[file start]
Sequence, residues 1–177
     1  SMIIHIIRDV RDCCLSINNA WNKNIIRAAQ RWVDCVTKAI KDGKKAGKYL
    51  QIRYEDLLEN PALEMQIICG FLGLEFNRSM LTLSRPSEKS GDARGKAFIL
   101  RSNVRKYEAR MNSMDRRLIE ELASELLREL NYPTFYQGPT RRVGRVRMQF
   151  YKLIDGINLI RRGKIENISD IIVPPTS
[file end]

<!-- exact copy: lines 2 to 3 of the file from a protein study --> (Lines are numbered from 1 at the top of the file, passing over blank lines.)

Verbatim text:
     1  SMIIHIIRDV RDCCLSINNA WNKNIIRAAQ RWVDCVTKAI KDGKKAGKYL
    51  QIRYEDLLEN PALEMQIICG FLGLEFNRSM LTLSRPSEKS GDARGKAFIL